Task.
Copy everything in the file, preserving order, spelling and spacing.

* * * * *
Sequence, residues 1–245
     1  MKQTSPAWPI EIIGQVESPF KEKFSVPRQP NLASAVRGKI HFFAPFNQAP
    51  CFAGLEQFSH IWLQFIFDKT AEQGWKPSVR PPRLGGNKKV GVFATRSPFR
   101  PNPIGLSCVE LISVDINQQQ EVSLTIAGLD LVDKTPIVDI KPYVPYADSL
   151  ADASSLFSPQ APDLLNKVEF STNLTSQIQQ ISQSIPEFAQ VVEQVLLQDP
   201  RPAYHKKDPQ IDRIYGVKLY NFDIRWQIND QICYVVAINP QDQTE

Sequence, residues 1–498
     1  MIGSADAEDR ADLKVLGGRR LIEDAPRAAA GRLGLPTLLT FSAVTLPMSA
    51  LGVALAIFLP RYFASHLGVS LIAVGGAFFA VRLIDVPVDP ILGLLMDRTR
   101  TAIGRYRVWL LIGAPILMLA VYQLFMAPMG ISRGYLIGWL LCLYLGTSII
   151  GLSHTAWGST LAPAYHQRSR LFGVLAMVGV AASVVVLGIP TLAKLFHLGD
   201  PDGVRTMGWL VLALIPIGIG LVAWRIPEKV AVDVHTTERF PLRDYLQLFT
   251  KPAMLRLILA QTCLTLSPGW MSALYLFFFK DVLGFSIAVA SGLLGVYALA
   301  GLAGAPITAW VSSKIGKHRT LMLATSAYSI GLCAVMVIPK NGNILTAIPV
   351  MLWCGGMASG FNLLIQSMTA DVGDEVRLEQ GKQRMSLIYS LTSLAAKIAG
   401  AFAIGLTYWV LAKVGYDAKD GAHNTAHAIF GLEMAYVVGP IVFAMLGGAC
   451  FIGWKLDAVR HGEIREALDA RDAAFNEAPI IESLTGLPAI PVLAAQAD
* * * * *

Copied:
Sequence, residues 1–245
     1  MKQTSPAWPI EIIGQVESPF KEKFSVPRQP NLASAVRGKI HFFAPFNQAP
    51  CFAGLEQFSH IWLQFIFDKT AEQGWKPSVR PPRLGGNKKV GVFATRSPFR
   101  PNPIGLSCVE LISVDINQQQ EVSLTIAGLD LVDKTPIVDI KPYVPYADSL
   151  ADASSLFSPQ APDLLNKVEF STNLTSQIQQ ISQSIPEFAQ VVEQVLLQDP
   201  RPAYHKKDPQ IDRIYGVKLY NFDIRWQIND QICYVVAINP QDQTE

Sequence, residues 1–498
     1  MIGSADAEDR ADLKVLGGRR LIEDAPRAAA GRLGLPTLLT FSAVTLPMSA
    51  LGVALAIFLP RYFASHLGVS LIAVGGAFFA VRLIDVPVDP ILGLLMDRTR
   101  TAIGRYRVWL LIGAPILMLA VYQLFMAPMG ISRGYLIGWL LCLYLGTSII
   151  GLSHTAWGST LAPAYHQRSR LFGVLAMVGV AASVVVLGIP TLAKLFHLGD
   201  PDGVRTMGWL VLALIPIGIG LVAWRIPEKV AVDVHTTERF PLRDYLQLFT
   251  KPAMLRLILA QTCLTLSPGW MSALYLFFFK DVLGFSIAVA SGLLGVYALA
   301  GLAGAPITAW VSSKIGKHRT LMLATSAYSI GLCAVMVIPK NGNILTAIPV
   351  MLWCGGMASG FNLLIQSMTA DVGDEVRLEQ GKQRMSLIYS LTSLAAKIAG
   401  AFAIGLTYWV LAKVGYDAKD GAHNTAHAIF GLEMAYVVGP IVFAMLGGAC
   451  FIGWKLDAVR HGEIREALDA RDAAFNEAPI IESLTGLPAI PVLAAQAD